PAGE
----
A Secretary's Drawers

This is a tiny drawer from a Philadelphia secretary, circa 1760. Notice the shimmed dovetail. Make you feel better?

20 thoughts on “A Secretary's Drawers

  1. Charles

    Adam, I really enjoy reading your blog and keep up the good work. I hope to start building my furniture by hand myself, its a good feeling to build a project with hand tools only, I have the gear I just need to practice, I am waiting on my rip saw to come in that I order off E-bay

  2. Michael Knox

    Adam,

    Your blog and articles have been endlessly interesting. Your commentary throughout the entire process has really led to a great deal of though about the whole process of woodworking. It occurred to me that what is really at stake here is not another hand tool versus power tool debate, but rather a rethinking of the goals and philosophies of the art of woodworking. I combine both power and hand tools in my shop, but–partially as a result of your influence–apply what I consider a "hand tool philosophy" to my power tool use.

    The idea of spending hours building a jig to accomplish one or two "perfect" cuts on a table saw seems incredibly inefficient and, in fact, seems more like an exercise in proving ones skill rather than an intelligent way to build furniture. I often make cuts on the table saw close to a pencil line to which I subsequently plane to the final cut. The same goes with the bandsaw.

    I think that the end result is that it is a matter of picking the right tool for the task I am trying to accomplish, but also getting into the right frame of mind. Perfection or performance?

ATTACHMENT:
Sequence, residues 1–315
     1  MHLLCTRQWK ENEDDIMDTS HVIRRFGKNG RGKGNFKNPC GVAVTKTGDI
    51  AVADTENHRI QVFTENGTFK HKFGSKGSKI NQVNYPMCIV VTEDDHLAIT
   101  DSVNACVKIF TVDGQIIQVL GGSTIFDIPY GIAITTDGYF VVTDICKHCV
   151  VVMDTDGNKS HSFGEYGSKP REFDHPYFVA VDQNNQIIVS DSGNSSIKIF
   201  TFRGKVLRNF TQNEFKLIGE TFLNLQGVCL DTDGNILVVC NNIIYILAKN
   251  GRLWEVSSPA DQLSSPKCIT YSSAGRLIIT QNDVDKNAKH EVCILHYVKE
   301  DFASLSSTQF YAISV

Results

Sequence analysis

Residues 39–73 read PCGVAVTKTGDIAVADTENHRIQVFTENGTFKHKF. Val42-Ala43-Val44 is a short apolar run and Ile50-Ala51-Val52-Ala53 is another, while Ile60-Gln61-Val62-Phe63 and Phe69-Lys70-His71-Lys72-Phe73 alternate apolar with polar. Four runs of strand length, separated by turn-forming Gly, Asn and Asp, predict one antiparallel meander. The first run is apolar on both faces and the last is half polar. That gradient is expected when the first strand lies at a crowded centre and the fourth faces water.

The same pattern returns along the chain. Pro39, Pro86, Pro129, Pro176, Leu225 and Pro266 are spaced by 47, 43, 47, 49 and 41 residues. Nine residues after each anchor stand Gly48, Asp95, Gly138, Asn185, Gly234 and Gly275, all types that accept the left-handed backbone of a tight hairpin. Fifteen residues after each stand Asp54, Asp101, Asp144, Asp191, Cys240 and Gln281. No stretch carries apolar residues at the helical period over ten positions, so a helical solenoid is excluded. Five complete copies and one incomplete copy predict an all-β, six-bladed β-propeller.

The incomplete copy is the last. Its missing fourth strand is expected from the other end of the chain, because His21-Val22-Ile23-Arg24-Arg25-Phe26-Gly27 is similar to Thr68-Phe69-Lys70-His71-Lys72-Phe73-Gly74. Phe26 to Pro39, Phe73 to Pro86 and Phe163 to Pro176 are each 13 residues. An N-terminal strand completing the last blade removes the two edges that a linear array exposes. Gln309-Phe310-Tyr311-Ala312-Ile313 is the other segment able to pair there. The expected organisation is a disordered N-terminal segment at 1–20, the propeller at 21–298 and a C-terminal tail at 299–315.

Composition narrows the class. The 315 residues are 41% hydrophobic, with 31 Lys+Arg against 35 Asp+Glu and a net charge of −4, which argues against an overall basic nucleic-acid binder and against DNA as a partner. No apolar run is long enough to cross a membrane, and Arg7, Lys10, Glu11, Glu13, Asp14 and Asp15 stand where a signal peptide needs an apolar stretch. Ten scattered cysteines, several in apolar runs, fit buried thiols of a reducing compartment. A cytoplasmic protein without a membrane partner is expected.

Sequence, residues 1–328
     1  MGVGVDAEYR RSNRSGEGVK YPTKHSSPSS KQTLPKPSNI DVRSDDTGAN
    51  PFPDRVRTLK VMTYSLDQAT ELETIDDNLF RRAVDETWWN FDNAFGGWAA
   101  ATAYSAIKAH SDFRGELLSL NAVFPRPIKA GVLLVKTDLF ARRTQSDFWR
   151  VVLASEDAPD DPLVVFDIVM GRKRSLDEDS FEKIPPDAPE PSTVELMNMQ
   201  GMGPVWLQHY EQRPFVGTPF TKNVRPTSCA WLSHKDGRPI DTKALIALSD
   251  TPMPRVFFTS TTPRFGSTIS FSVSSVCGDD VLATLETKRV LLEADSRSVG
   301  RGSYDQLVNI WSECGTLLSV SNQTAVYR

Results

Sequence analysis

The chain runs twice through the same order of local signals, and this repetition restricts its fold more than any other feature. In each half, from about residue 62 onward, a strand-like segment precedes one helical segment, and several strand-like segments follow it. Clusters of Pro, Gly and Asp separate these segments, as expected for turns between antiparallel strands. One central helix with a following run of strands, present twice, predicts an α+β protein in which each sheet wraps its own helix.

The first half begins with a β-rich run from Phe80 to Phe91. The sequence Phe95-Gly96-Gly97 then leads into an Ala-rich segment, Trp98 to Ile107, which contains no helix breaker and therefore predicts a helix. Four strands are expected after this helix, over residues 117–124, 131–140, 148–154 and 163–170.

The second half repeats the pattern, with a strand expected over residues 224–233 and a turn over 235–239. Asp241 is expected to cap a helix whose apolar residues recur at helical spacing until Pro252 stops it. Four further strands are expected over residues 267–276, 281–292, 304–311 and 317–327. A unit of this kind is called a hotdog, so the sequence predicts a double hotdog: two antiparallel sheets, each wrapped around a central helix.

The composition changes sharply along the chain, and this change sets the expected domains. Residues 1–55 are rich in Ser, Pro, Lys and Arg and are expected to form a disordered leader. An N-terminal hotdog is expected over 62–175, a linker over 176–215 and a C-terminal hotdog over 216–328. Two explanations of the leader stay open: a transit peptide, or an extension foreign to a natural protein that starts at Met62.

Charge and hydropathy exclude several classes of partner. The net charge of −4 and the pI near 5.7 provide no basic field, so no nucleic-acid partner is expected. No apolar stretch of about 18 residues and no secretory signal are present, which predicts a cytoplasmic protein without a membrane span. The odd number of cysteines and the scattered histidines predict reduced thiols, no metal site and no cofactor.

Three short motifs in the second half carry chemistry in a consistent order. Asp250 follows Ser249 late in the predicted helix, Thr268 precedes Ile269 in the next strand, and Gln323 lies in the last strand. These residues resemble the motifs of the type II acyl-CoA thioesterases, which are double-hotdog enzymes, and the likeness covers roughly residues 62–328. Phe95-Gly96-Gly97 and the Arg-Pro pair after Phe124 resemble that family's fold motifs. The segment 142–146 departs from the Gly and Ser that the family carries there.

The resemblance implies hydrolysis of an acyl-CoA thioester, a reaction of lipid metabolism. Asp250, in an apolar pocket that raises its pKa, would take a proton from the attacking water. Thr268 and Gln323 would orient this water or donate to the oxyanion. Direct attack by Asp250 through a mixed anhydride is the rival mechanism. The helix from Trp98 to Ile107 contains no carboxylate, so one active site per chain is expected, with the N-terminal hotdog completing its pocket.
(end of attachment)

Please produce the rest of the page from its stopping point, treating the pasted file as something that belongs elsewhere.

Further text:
I think you’ve succeeded in influencing the woodworking world.

  3. Richard

    Adam,

    Like many other comments on this page the drawer has given me a whole new sense of acceptance to my never-quite-perfect workmanship. Your photo along with the article on Robert Millard’s small shop in the same Popular Woodworking volume have given me a whole new perspective in woodworking. Thank you.

  4. Ronnie

    I read many years ago that "A true craftsman is not the one who never makes a mistake, but the one who covers his mistakes the best"! Thanks for the photo.

  5. Adam

    I’m not sure I got your point exactly, Jerry, tho I nodded my head sentence by sentence.

    But just to clarify any possible confusion, this is a high style philadelphia chippendale desk (yes, despite the oak secondary wood). Its among the best work of its time. This is not country stuff. This is what I typically see when I look closely.

    My point is that we have allowed ourselves to be deluded into thinking all 18th c pieces are woodworking masterpieces. They are artistic masterpieces. The woodwork isn’t always better than the sort of work we do. I hope this to be encouraging, and not iconoclastic!

    Adam

  6. Jerry Palmer

    I think it is really hard to talk in generalities about 18th C craftsman and their furniture, especially in the New World. In the Cities of the early colonies we would likely find larger shops with quite specialized craftsman to the level of folks who would spend the entire workday making drawers while others did similarly specialized piece work. As we travel west into the sparsely populated areas we might find furniture pieces that were made by the guy in the small town who made wagons, or a guy on a farm outside of town who took on furniture work for his neighbors at night and during non-growing seasons.

    I do agree, though, that for some parts of furniture, speed of completion out weighed perfect joinery on the priority lists. Parts that were not obviously visible like those dovetails on the drawers. Even ugly DTs are quite sturdy as evidenced by the longevity of the ugly 150 year old ones we see.

  7. James Mittlefehldt